On February 9th, I attended the NENSA Annual New England Women’s X-C Ski Day at the Bethel Inn and Nordic Center in Maine. If you’ve been reading this blog since the beginning, you know that my re-discovery of cross-country skiing was emotional. I raced as a teenager, and pushed myself to my limit (at least that’s what I told myself at the time), and I gave it up in college. I got out a few times over the years, but when my boots finally fell apart, I gave it up altogether. Then, a few years ago, I borrowed skis from a friend and stopped at Bretton Woods on my way to a meeting in Vermont. After a few hours on the trails, I hopped in the car to head to Montpelier and started to cry; I was head to toe happy. Since then, I’ve picked up some Fischer Racing Cross classics, and I get out whenever there’s snow. A side benefit is that I can build up lung strength and give my running legs a rest in the winter months.
At last year’s NENSA clinic, I got on skate skis for the first time. It was rough on my ankles, which seemed mysterious until I learned that skate skis have a right and left, and mine were on backwards. This year, in spite of having skate skied once in my life, at last year’s clinic, I decided to sign up for the advanced Uphill Downhill Skate. The instructors, Kathy Maddock and Beth, were inspiring—strong, patient, and clearly in love with the sport. Though I had a few moments of feeling the rhythm of uphill skating, it was largely will and brute force that got me up the hills. It also seemed as if I was working harder than anyone else. I could tell that there was a groove to be had, and I wasn’t hitting it. Photographer Carol Savage was there, shooting pix of the NENSA Women’s Day, and she captured a few moments of my struggle: Uphill Skate
Over lunch, there was a raffle and a number of presentations—including a recorded video from the U.S. Women’s Ski team in Sochi. There was also a talk by Leslie Bancroft-Krichko, who competed in the winter Olympics in Lake Placid and Calgary. She mentioned the shift in the culture of the Olympics from 1980 to 1988: it “went Hollywood.” In Lake Placid, she recalled trying to walk next to speed skater, Eric Heiden, during the opening ceremony as a strategy for getting on TV. Heiden was a rising star in the 80s, who ended up winning gold in all 5 speed skating events. Krichko went on to say that as they walked by Vice President Mondale, the U.S.team tipped their cowboys hats in unison, at which point, the significance of the moment hit her, and she started to cry.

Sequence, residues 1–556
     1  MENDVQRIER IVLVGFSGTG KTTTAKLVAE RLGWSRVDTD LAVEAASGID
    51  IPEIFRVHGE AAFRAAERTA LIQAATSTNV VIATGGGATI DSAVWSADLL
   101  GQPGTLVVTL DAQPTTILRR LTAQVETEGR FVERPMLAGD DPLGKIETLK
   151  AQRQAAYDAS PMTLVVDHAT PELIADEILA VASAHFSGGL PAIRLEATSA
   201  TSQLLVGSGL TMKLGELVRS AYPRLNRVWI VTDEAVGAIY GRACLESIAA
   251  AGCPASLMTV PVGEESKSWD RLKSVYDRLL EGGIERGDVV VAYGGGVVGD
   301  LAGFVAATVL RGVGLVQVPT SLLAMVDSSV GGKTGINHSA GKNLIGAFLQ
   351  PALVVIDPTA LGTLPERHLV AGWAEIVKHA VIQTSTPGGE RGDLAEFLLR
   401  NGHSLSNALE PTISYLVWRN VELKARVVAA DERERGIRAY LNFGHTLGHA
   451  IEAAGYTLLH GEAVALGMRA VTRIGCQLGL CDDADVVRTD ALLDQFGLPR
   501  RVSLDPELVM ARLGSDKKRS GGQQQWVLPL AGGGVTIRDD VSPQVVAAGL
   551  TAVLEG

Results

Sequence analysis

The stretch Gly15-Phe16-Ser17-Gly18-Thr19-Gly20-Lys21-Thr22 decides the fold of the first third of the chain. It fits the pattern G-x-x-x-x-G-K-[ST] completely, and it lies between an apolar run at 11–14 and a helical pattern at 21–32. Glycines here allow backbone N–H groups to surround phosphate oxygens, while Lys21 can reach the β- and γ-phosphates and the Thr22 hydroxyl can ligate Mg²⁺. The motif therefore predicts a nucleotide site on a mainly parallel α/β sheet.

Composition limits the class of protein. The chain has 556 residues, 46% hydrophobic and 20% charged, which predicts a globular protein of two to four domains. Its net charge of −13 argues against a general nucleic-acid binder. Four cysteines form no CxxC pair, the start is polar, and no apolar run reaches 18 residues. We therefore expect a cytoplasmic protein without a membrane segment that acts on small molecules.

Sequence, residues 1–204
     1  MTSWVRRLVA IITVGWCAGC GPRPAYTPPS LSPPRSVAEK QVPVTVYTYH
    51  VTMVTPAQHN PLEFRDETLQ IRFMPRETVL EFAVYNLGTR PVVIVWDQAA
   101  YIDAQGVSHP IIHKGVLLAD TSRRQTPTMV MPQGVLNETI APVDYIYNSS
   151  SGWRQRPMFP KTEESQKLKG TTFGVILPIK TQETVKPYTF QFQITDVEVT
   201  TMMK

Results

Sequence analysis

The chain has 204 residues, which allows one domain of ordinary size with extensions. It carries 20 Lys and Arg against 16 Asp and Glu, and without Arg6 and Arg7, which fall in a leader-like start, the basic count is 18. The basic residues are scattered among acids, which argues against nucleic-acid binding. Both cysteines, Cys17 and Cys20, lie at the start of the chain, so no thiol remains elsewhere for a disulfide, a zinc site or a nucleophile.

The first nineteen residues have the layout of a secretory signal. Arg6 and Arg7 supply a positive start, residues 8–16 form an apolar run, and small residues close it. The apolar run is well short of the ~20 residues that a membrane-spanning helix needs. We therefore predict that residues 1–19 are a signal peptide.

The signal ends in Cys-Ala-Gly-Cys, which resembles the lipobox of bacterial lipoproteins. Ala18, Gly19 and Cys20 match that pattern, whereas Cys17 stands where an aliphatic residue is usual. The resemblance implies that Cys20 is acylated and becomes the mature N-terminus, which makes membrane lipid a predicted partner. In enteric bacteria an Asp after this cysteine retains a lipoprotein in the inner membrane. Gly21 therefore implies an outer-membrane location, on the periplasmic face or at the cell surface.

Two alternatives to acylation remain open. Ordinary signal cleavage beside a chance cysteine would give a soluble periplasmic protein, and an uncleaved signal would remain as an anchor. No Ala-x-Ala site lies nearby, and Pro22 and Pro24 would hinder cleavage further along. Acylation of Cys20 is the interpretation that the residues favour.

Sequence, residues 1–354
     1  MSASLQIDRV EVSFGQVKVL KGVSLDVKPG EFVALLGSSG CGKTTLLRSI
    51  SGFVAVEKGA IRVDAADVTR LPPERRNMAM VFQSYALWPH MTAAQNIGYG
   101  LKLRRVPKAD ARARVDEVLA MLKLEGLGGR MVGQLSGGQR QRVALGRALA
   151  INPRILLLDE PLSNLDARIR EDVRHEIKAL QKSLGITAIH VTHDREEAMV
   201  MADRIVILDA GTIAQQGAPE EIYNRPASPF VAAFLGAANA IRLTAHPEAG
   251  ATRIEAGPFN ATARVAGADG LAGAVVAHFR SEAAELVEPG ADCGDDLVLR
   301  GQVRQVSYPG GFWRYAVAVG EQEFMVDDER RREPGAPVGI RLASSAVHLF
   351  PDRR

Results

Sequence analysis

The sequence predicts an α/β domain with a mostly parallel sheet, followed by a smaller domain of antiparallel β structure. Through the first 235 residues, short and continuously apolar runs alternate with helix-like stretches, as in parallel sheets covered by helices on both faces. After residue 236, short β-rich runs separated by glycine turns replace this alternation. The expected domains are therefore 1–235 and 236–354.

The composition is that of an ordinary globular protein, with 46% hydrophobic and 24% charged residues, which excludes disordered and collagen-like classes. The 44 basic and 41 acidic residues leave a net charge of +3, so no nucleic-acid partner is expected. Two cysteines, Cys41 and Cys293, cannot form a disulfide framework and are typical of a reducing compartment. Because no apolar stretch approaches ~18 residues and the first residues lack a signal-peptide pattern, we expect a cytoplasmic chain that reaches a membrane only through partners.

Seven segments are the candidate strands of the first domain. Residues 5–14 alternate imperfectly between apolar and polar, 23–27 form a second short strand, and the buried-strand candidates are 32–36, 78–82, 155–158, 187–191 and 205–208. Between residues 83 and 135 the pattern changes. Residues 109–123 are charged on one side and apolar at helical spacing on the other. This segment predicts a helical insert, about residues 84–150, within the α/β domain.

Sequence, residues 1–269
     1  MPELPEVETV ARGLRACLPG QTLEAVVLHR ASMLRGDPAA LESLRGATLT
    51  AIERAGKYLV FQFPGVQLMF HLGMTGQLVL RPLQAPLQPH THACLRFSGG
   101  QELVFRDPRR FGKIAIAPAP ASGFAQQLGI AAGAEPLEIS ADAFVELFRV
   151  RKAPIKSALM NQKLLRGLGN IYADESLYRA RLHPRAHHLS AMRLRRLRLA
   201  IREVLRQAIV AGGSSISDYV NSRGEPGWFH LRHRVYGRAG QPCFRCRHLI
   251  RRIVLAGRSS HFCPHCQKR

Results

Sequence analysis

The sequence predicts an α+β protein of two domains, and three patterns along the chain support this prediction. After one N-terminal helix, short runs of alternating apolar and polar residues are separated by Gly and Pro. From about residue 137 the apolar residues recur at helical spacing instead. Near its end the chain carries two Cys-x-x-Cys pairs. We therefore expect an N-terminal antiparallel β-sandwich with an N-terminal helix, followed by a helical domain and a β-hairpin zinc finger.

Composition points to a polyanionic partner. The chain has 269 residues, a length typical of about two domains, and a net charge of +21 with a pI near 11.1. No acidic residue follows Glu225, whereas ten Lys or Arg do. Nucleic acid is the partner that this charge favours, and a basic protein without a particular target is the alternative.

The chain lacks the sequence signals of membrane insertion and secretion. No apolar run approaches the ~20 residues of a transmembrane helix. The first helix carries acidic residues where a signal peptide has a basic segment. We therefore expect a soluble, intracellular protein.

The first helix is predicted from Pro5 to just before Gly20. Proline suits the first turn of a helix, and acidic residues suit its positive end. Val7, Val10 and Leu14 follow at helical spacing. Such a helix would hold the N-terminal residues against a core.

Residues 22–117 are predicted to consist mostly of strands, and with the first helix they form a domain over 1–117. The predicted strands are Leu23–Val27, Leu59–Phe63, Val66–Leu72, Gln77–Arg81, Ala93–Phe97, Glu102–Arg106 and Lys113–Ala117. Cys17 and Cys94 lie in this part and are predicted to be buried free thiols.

Seeing the tears, her friend leaned over and whispered, “Good job, now we’ll be on TV!”
Leslie told the story of how her skiing career was launched. It was her senior year of high school, and during a race, a “goofy” spectator blurted out, “who’s that moose on skis who’s beating my daughter!?” After the race, the man found Leslie and asked about her future plans. She answered that she was hoping to attend Middlebury.
“Why Middlebury,” he asked?
“They have the best ski team in the States,” she replied.
“Actually, I think I have the best ski team in the States,” he shot back. He was coach of the U.S. Ski Team.
That was that; after getting up the nerve to tell her parents, she decided to put off college for a few years in order to compete. She began training for the 1984 Olympics, but she progressed so quickly that she qualified for Lake Placid in 1980. After an injury, in 1983, she retired, or tried to. She ended up working at a ski shop a few days a week, and one day the manager approached her, saying, “You know, you outsell everyone else in the store. You love this sport so much, I’m worried you might regret giving it up so early.” She took the manager’s advice and started back slowly; she “didn’t feel ready for the circuit,” but after placing well in her first race, she began to get serious and ended up qualifying for, and competing in, the 1988 Olympics. I got choked up listening to her story, if only for knowing what it feels like to give up something that you love, and then to find it again.
In the afternoon session of the NENSA event, I joined a guided tour with a mixed group of skate and classic skiers. I was so happy to be back on the classics that I didn’t have patience for the stop-and-start pace of the large group. I borrowed a map, and took off with a skate skier who also wanted to cover some ground. We headed for the Corkscrew, which wasn’t groomed for classic but was still a blast to ski. After an hour on the trails, I cruised up the last hill to the Inn; I was whooped but elated.
I packed up the skis and headed for the Tavern to wrap up the adventure. At the bar, one of the instructors mentioned the Bretton Woods Nordic Marathon and Half Marathon on March 8th. I’m contemplating. It would be my first x-c race since 1985…